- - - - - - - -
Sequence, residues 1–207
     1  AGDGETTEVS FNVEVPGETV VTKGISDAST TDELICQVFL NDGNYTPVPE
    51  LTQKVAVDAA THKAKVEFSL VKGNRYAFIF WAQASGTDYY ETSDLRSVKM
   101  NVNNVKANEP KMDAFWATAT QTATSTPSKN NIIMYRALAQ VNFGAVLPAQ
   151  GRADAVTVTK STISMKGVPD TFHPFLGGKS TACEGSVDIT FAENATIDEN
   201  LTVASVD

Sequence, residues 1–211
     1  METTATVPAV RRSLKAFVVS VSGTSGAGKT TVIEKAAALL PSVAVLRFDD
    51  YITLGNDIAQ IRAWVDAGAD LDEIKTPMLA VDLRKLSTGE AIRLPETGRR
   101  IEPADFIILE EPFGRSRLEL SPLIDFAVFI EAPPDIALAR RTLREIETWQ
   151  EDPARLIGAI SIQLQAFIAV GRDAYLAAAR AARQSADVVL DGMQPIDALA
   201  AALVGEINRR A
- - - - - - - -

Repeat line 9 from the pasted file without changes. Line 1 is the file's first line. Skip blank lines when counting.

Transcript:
    51  YITLGNDIAQ IRAWVDAGAD LDEIKTPMLA VDLRKLSTGE AIRLPETGRR